Joe Wildy of CSL Vifor outlines the importance of delivering integrated renal services through adopting whole person care for people living with CKD in England, looking at the opportunity that delegated commissioning of specialised services provides in achieving this.

This article has been developed and funded by CSL Vifor.

Chronic kidney disease presents an ongoing challenge to public health, impacting the lives of patients across the country. It affects 7.2 million people in the UK and costs the NHS £6.4bn annually. CKD is a long-term condition that can lead to a gradual loss of kidney function.[1]

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Through harnessing opportunities to embrace integrated care, the NHS can look to turn the tide on the impact of CKD on patients.

In the current model of CKD management, certain groups, such as those from ethnic minorities or socially deprived communities, are likely to have a different experience of the CKD care pathway than others.[2] This disparity within CKD patients’ experience of the health system may have a role in deepening health inequalities in wider society.

Looking to understand these challenges, CSL Vifor recently conducted a national call for evidence with patient groups, clinicians, and policymakers to assess the state of renal services and understand solutions to improving CKD patient care.

Responses highlighted that healthcare inequalities are present across the whole CKD pathway, from risk factor management to end-stage care, and that perceptions of healthcare inequalities in CKD are widening in comparison to previous years.[3]

Responders highlighted a lack of integration between services as one of the key challenges,[3] suggesting that CKD is often treated in isolation from other comorbidities (cardiovascular disease, diabetes, hypertension), which are all associated with CKD.[4]

As the UK population ages, more people are living with multiple conditions, requiring an integrated approach to service delivery.[5] Without this, we risk seeing poorer health outcomes for people most likely to live with multiple long-term conditions: those from minority ethnic and poorer socioeconomic backgrounds.[5]

There have been positive developments from NHS England that illustrate they understand the challenges arising from these demographic changes. Specifically, the focus on integration as a central tenet of its overarching strategies, demonstrated most recently by integrating specialised services within integrated care systems, is welcome.

Delegation of specialised renal services to ICSs represents an opportunity to bring commissioning for the entire CKD pathway together, combatting the existing fragmented approach to CKD care.[6] End-to-end local commissioning can allow integrated care boards to take control of the CKD treatment journey and tailor decisions to their communities, reducing disparities and focusing on individual care.[6]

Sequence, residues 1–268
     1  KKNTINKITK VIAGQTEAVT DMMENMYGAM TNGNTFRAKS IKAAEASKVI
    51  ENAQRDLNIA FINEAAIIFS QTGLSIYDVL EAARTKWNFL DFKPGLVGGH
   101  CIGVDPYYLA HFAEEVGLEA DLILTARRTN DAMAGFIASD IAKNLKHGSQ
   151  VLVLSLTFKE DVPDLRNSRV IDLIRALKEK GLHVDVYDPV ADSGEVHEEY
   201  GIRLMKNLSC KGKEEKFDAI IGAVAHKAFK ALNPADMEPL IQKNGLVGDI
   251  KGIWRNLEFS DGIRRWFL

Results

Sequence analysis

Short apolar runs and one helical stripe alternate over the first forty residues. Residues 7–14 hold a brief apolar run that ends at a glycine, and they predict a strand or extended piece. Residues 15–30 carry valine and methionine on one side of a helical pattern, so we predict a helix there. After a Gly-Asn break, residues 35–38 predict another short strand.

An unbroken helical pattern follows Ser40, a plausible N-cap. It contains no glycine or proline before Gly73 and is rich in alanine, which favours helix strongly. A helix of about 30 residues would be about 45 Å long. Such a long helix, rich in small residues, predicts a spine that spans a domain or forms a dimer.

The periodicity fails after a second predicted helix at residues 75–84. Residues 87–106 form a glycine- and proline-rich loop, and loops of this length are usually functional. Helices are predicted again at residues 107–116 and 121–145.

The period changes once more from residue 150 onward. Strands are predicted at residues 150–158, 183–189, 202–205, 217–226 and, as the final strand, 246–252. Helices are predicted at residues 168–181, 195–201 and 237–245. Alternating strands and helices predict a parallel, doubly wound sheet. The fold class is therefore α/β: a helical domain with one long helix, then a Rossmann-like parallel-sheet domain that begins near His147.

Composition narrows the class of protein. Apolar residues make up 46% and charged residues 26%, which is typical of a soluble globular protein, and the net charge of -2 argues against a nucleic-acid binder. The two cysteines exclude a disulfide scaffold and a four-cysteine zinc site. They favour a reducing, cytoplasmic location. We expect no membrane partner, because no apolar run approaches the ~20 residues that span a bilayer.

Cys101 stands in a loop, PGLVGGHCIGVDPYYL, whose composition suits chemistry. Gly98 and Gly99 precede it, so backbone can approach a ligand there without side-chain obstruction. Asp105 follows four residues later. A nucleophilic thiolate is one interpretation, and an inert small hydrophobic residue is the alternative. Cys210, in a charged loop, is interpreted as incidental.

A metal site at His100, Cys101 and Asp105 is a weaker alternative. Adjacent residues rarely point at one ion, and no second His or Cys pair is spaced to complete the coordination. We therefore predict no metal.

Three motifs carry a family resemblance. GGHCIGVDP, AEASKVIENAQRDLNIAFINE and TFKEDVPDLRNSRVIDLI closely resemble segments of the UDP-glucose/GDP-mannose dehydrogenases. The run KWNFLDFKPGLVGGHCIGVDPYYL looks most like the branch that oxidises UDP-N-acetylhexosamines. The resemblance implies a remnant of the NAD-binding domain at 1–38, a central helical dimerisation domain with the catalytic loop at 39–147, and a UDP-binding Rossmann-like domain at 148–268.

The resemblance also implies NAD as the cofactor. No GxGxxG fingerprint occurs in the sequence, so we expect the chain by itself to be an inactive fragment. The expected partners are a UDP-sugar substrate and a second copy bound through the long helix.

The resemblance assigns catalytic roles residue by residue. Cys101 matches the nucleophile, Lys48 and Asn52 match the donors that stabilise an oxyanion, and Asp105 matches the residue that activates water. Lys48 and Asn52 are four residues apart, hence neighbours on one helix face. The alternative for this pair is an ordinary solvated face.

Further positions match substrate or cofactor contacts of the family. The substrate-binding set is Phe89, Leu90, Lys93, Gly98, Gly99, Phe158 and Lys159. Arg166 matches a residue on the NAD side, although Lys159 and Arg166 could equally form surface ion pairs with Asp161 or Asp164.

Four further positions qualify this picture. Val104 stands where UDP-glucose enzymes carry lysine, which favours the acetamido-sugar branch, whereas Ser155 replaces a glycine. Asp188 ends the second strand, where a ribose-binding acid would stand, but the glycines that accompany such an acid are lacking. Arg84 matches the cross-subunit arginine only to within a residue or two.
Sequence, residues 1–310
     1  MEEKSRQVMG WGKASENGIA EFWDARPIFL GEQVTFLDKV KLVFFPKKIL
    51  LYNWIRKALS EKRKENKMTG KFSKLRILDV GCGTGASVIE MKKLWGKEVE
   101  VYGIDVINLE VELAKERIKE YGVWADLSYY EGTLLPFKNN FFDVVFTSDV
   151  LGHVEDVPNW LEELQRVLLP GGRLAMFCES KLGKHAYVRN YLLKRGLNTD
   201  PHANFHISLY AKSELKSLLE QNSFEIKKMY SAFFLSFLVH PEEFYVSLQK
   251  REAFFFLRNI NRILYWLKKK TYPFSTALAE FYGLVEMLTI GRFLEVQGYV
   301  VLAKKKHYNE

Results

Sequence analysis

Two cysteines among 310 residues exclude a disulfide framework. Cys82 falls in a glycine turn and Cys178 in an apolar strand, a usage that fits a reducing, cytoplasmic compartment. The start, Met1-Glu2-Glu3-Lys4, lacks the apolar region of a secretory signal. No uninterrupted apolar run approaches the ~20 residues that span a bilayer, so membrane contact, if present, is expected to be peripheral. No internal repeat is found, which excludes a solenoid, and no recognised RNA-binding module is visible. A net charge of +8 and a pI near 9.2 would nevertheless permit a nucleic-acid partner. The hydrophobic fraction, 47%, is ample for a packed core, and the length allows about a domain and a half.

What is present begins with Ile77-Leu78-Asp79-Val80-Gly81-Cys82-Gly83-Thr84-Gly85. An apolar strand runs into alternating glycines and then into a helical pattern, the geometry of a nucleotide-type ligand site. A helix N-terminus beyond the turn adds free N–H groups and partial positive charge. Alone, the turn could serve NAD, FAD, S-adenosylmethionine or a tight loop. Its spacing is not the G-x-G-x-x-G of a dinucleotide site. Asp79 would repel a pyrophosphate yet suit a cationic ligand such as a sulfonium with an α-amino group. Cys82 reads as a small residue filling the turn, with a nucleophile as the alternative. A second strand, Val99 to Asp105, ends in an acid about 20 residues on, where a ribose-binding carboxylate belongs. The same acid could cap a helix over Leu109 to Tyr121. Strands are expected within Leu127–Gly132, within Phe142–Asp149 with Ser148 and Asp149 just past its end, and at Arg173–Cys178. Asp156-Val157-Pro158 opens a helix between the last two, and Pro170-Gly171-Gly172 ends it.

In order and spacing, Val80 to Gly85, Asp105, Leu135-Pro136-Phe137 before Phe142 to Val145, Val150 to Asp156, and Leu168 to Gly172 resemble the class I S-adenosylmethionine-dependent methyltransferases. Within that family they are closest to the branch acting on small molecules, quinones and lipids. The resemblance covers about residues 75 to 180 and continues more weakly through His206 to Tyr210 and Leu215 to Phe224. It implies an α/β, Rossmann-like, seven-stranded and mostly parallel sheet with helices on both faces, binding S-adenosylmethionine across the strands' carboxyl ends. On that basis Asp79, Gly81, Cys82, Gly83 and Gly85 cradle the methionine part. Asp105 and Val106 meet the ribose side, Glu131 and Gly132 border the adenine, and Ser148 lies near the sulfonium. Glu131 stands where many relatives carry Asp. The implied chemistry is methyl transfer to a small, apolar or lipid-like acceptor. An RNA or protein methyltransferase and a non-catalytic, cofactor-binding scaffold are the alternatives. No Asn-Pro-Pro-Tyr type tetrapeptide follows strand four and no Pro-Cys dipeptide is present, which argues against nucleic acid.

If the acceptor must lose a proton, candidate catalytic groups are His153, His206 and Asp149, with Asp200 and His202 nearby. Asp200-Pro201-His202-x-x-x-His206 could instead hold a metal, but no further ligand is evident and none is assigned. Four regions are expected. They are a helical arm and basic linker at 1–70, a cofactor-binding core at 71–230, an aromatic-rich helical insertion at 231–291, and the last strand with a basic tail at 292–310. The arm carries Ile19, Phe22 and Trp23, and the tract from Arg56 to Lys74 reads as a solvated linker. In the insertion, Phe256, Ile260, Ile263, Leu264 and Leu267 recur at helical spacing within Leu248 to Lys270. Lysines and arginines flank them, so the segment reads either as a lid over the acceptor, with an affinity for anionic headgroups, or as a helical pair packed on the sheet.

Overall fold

At CSL Vifor, we have been working to support NHS cardio and renal teams to develop expanded intravenous iron treatment services to jointly manage cardio-renal patients diagnosed with iron deficiency anaemia. Initiatives like this could mitigate delays in access to essential care without impacting wider capacity, remedying the lack of resource that can often prevent successful integration within the NHS.

NHSE has already taken welcome steps to try and improve how people with CKD are managed, through the Renal Service Transformation Programme and creation of a national clinical director for renal medicine. The delegation of specialised commissioning is another initiative that has the potential to transform the delivery of renal services. ICBs can harness this to implement renal services in a way that reduces disparities rather than widening them.

About CSL Vifor

CSL Vifor is a global partner of choice for pharmaceuticals and innovative, leading therapies in iron deficiency and nephrology. We specialise in strategic global partnering, in-licensing and developing, manufacturing and marketing pharmaceutical products for precision healthcare, aiming to help patients around the world lead better, healthier lives.

Job number: UK-NA-2400021

Preparation date:  April 2024


[1] Kidney Research UK (2023). Kidney disease: A UK public health emergency. Available at: (Accessed March 2024)

[2] Kidney Research UK (2018). Kidney health inequalities in the UK: An agenda for change. Available at: (Accessed March 2024)

[3] CSL Vifor (2023). Data on file. Available upon request

[4] Warrens (2022). Cardiovascular Complications of Chronic Kidney Disease: An Introduction. Available at: (Accessed March 2024)

[5] NIHR (2023). Multiple long-term conditions (multimorbidity) and inequality- addressing the challenge: insights from research. Available at: (Accessed March 2024)

[6] NHS England (2022). Roadmap for integrating specialised services within Integrated Care Systems. Available at: (Accessed March 2024)